Dear lazyweb: I love mutt, my
faithful mail client for almost a decade now, but I think I've
reached its limits. Not that
mutt isn't doing fine,
it's more my way of organising mail that's no longer working for
me. To give a short overview: I receive all mail in a
single account and filter messages to folders in a hierarchy. My
filter set spans several thousand lines and has been growing for
seven years now, the last "refactoring" was in 1999.
When browsing mail, I either delete messages (for list mails
mostly) or save them to the
read folder when I am done
The hierarchy is mostly arranged by field of endeavour, and then
subdivided into specific topics. For instance, I have
I currently face two major problems with this approach:
Folders just don't cut it anymore. For instance: with my job, research, and hobby all somewhat connected to Debian, most messages I receive don't belong into one folder any more than they should be in another. What I want is effectively what gmail and several of the GUI clients do: any given message can have a number of tags, and virtual folders act as filters to display only messages with a certain tag.
Having a single
readfolder for all worked for a while, but it's long been a major pain. What I really want is for sent and received mail to sit right next to each other in all cases, ideally based on tags as well.
mutt's X-Label patch
mutt package includes it), which seems to
go in the right direction, but it's not exactly what I want (yet).
For my purpose, it adds a selector
~y to use in
searches and when limiting the display of a mailbox. Thus, I could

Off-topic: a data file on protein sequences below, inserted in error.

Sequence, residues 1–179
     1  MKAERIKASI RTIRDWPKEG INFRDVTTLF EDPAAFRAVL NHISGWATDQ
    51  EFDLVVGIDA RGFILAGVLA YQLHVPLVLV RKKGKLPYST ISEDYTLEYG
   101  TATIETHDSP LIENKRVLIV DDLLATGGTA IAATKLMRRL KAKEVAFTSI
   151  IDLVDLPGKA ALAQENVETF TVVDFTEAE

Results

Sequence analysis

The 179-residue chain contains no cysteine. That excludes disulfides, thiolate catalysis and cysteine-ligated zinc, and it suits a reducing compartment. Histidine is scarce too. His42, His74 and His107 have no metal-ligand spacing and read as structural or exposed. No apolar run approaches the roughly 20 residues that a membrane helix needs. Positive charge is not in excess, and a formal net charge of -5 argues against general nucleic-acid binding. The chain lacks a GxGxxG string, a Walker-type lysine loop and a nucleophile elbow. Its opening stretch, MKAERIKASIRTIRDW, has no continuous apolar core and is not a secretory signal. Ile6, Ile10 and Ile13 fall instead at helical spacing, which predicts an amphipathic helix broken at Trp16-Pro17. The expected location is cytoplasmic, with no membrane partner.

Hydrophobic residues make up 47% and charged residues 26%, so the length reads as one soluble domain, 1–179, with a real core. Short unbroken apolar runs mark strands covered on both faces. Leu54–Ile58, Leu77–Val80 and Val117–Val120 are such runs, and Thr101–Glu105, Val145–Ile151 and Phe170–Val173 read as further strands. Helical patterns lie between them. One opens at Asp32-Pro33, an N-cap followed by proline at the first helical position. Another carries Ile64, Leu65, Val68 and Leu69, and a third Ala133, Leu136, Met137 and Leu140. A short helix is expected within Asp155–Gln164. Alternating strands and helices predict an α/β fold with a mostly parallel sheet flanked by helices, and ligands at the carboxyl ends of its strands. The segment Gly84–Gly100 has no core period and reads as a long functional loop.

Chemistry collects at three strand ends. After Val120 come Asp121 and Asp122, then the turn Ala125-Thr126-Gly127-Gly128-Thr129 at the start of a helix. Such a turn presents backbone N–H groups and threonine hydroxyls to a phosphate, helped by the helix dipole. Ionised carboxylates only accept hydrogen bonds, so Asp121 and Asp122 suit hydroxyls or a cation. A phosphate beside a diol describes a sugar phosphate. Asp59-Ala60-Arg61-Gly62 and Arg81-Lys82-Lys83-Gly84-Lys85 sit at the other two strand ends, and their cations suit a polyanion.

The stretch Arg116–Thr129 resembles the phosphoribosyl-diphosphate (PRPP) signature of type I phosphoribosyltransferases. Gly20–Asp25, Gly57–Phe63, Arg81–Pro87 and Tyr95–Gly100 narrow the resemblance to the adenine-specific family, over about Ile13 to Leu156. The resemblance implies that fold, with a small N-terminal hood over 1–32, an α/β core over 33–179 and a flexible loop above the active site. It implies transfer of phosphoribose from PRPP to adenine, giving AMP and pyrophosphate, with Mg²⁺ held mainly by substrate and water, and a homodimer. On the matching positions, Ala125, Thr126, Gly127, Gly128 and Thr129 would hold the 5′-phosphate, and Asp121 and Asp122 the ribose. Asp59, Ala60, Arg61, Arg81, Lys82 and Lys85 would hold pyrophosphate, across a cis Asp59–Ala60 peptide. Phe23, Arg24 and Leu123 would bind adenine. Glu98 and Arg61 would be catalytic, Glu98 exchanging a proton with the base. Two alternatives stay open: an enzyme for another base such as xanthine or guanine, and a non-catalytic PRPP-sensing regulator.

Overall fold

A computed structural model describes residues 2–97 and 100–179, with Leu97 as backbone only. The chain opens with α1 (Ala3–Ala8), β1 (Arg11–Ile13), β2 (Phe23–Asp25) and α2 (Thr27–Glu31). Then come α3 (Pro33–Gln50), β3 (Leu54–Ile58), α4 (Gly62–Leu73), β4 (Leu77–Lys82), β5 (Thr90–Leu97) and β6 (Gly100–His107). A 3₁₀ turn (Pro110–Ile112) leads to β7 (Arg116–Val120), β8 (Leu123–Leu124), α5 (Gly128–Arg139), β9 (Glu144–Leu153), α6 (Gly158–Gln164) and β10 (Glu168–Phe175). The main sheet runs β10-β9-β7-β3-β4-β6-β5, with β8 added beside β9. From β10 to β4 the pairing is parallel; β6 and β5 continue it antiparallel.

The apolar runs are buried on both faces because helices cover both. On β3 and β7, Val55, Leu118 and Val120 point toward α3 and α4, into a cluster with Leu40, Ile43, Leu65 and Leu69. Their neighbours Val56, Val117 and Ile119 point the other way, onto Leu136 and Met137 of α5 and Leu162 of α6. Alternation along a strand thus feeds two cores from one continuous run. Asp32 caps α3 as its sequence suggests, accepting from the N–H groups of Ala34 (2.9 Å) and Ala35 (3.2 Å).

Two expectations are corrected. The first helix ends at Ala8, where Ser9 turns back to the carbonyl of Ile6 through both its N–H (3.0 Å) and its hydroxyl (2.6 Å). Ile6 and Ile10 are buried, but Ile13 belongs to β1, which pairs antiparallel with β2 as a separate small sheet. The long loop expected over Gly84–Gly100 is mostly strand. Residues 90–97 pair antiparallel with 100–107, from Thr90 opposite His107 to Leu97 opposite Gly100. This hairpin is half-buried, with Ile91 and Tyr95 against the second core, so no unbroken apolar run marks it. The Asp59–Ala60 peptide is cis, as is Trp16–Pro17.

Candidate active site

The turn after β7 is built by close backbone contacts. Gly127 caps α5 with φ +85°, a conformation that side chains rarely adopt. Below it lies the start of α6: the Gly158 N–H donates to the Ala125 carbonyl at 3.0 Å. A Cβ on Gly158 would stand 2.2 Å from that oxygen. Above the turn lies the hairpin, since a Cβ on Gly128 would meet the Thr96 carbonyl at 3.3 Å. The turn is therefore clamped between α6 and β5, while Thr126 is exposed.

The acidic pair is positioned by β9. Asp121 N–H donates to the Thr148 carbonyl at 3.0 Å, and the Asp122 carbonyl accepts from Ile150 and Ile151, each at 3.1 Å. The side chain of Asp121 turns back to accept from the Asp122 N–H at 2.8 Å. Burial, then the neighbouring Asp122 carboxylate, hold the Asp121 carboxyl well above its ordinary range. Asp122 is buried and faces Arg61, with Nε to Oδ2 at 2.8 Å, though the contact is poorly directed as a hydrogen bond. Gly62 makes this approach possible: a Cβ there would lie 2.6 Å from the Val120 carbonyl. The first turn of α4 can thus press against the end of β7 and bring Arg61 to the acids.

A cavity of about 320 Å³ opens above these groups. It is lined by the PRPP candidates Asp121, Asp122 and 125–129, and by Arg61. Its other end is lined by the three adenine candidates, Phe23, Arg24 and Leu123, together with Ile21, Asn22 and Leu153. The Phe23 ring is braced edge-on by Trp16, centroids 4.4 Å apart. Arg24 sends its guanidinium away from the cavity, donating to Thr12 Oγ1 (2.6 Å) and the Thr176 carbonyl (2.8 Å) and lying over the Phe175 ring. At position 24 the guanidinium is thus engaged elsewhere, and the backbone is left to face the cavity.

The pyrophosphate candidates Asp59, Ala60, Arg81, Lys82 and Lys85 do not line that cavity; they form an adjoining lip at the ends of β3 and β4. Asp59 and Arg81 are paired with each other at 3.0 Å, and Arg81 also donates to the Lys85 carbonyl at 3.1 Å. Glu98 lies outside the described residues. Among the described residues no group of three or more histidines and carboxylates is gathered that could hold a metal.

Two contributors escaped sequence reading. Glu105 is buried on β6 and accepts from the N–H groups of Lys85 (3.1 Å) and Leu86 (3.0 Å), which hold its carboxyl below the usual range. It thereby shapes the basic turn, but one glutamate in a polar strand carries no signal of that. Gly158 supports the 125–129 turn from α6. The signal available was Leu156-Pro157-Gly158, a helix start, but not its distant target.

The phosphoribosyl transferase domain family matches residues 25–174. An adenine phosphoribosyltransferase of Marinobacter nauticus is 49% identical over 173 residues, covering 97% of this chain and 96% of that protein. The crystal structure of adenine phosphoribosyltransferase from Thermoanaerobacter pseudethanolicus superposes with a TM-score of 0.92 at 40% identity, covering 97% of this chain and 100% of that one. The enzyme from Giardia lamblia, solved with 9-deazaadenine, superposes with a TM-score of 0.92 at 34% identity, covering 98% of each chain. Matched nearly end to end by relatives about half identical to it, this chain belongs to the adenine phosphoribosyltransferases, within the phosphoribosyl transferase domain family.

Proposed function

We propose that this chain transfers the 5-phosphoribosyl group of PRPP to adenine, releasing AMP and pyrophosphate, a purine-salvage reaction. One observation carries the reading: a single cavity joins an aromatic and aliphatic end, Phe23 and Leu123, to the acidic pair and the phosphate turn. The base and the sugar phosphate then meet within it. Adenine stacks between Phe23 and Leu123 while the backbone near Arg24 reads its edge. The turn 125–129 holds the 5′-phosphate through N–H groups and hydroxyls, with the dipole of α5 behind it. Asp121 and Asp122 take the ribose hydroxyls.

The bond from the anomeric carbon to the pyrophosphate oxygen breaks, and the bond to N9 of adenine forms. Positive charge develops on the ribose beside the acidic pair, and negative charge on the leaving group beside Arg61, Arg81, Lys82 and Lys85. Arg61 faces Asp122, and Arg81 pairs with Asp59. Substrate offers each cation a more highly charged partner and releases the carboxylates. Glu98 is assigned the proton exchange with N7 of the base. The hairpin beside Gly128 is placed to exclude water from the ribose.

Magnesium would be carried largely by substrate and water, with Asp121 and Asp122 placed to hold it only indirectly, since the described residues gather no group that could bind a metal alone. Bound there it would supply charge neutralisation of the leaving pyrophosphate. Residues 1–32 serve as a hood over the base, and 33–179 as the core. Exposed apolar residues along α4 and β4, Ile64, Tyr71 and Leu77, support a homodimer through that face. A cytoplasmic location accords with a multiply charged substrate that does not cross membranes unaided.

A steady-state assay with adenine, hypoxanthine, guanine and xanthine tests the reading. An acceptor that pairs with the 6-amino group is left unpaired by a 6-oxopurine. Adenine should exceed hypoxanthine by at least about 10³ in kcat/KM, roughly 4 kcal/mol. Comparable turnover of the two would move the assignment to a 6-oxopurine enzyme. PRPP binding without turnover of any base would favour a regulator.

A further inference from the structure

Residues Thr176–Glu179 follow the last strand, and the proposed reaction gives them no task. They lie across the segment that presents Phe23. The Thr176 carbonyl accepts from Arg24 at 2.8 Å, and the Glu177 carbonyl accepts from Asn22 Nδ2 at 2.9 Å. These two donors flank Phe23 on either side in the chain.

implement virtual folders by saving all mail to a single folder
(thanks to the
header_cache patch), then executing
l~ydebian to see all messages tagged
The problem with this approach is that it uses a functionality
that I already use extensively: limiting. I like the thought of
being able to use tags as filter criteria, but I don't want to
depend on them. For instance, if looking at all messages with the
debian tag, and then filtering those with
mdadm in the subject, I currently have to hit
l<space>~s mdadm (taking care to preserve the
label limit), and I cannot use the
In the end, what I'd want is to be able to use the folder syntax
for tags. Specifically, I think it would be cool to have folders as
they are currently, but if you try to change to a folder that does
not exist, or prefix the folder with
=vfolder/debian/mdadm), it would instead display the
main folder with the different path components used as label
filters. A syntax for logical
OR would also be nice.
All this should happen without affecting the limit functionality of
I don't think this is currently possible, but before I start to
pretend to plan my intent of eventually thinking about what it
would take to have a go at coding a patch, I'd welcome your feedback. I can't
imagine that I am the only one wanting
NP: Log / Every Time a Bell Rings, an Angel Gets His Wings
Update: people have pointed me to Gnus and Mairix. I'll have to check out Gnus, but I wonder whether it can be used the way I do mail: currently, I use offlineimap (my favourite software award 2004-2006) to synchronise my Maildirs across a total of eight machines, so that it does not matter where I read my mail -- it's totally synchronised. I'll give Gnus a whirl soon though. Manoj already showed it (off) to me, and several other Debian developers seem to swear by it, so it can't be all wrong.
With respect to Mairix, I know that tool; it basically populates
folders with symlinks according to search criteria. One could say
it instantiates virtual folders. The problem I have not been able
to solve yet is quite simply that operations such as moving
messages to other folders then operates on the symlink, which is
not what I want, for obvious reasons. Even just using
mutt to edit them results in a copy made, so the
symlink association is lost. I'd be happy to be shown how to use
the tool to make it do what I want.
NP: Led Zeppelin / Led Zeppelin I
Update: Steve picked up the issue of mutt mail tagging and came up with an interesting hardlink-based solution. He replicates filenames, so that status like 'read' or 'flagged' propagate to his tag directories, but that's one way, meaning that changes to the status via the tag folder will be lost. Even though it's not what I am looking for, it's closer than anything else.